The world's largest bond fund has been burned by the recent carnage in the bond market, but Pimco's founder and co-chief investment officer Bill Gross still thinks Treasuries are a good bet.
In his monthly letter to investors, Gross said now is not the time to jump ship.
"The U.S. economy is not sinking, nor are the majority of global economies," he wrote. "Their markets just had too much risk. In effect, the ship was top heavy with too little ballast. Guess I should have known, huh?"
Pimco's Total Return Fund(PTTRX) is down 4% over the past month -- a major blemish for a fund that's up nearly 7% on an annualized basis over the past five years.
The yield on 10-year Treasuries recently rose to 2.65% -- its highest level since August 2011 -- as investors started worrying about when the Federal Reserve would start pulling back on its bond buying spree.
But Gross thinks yields have overshot and will dip back to 2.2%.
Housing, for one, could wind up putting a kink in the recovery. The rebound in that sector has recently helped rev up the economy, but that growth engine is already stalling.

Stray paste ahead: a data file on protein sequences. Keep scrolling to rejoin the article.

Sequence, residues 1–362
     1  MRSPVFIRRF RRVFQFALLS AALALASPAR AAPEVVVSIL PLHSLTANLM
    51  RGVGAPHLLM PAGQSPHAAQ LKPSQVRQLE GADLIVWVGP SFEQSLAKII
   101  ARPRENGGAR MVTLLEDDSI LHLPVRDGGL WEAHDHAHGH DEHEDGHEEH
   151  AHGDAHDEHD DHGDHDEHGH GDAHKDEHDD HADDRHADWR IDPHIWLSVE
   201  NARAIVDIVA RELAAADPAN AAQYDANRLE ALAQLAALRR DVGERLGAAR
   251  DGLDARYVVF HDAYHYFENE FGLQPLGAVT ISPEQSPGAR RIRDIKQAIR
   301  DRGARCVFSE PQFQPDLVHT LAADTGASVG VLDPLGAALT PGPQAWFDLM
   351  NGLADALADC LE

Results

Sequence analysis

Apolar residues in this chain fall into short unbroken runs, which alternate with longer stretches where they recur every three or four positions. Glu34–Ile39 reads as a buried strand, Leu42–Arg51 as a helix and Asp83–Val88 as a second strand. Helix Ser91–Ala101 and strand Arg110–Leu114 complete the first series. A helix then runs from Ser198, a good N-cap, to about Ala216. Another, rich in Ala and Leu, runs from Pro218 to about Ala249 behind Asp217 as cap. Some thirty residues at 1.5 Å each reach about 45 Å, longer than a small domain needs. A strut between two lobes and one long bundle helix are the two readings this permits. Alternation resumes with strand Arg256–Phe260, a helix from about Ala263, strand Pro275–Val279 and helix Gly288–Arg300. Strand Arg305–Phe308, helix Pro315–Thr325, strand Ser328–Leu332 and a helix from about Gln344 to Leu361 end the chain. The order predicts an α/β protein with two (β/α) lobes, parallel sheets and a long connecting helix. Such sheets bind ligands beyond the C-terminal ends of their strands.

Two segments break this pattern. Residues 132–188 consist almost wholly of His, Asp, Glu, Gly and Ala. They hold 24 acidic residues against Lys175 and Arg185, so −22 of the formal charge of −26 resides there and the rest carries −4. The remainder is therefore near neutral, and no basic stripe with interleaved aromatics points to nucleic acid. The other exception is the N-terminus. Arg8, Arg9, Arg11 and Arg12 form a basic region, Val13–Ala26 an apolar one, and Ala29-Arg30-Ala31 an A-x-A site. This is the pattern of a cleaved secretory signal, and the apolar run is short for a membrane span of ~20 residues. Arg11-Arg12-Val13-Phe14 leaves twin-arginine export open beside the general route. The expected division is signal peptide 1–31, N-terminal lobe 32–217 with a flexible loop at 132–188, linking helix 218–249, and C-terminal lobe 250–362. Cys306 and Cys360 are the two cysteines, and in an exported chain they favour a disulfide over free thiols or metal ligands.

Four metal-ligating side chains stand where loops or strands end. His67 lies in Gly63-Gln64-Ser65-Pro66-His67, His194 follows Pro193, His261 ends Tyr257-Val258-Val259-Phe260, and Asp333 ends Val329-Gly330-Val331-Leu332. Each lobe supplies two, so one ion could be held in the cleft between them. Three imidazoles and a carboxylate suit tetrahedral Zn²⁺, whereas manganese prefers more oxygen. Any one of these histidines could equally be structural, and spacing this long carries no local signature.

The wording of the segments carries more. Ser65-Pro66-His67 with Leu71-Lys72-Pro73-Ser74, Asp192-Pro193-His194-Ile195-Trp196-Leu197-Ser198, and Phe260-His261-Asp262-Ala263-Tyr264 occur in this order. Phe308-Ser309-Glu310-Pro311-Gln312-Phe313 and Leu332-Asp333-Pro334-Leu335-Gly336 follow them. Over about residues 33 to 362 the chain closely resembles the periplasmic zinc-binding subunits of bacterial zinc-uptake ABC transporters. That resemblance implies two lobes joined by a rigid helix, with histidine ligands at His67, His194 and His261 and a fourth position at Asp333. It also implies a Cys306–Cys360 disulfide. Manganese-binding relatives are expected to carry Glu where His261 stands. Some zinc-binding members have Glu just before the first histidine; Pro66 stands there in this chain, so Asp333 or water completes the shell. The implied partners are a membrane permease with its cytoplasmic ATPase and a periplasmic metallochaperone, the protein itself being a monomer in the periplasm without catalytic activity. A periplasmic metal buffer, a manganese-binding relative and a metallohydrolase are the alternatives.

Mortgage rates, Gross noted, have jumped dramatically during the past six months. (Mortgage rates soar). At some point, it will start to be a tough pill to swallow for both prospective and current homeowners.
The Fed is also unlikely to raise interest rates for at least another year or two. It would only do so if unemployment falls to 6.5% and inflation tops 2%. Currently inflation is sitting comfortably around 1% and the unemployment rate is 7.6%.
Still, Gross says investors should ride out the rocky seas.
"Will there be smooth sailing tomorrow? 'Red sky at night, sailors delight?' Hardly," he wrote.
It's unlikely that bonds will perform as well as they have over the past 20 to 30 years. Returns will more likely hover between 3% to 5% per year.
But Gross says, "Don't panic." This bond boat won't capsize.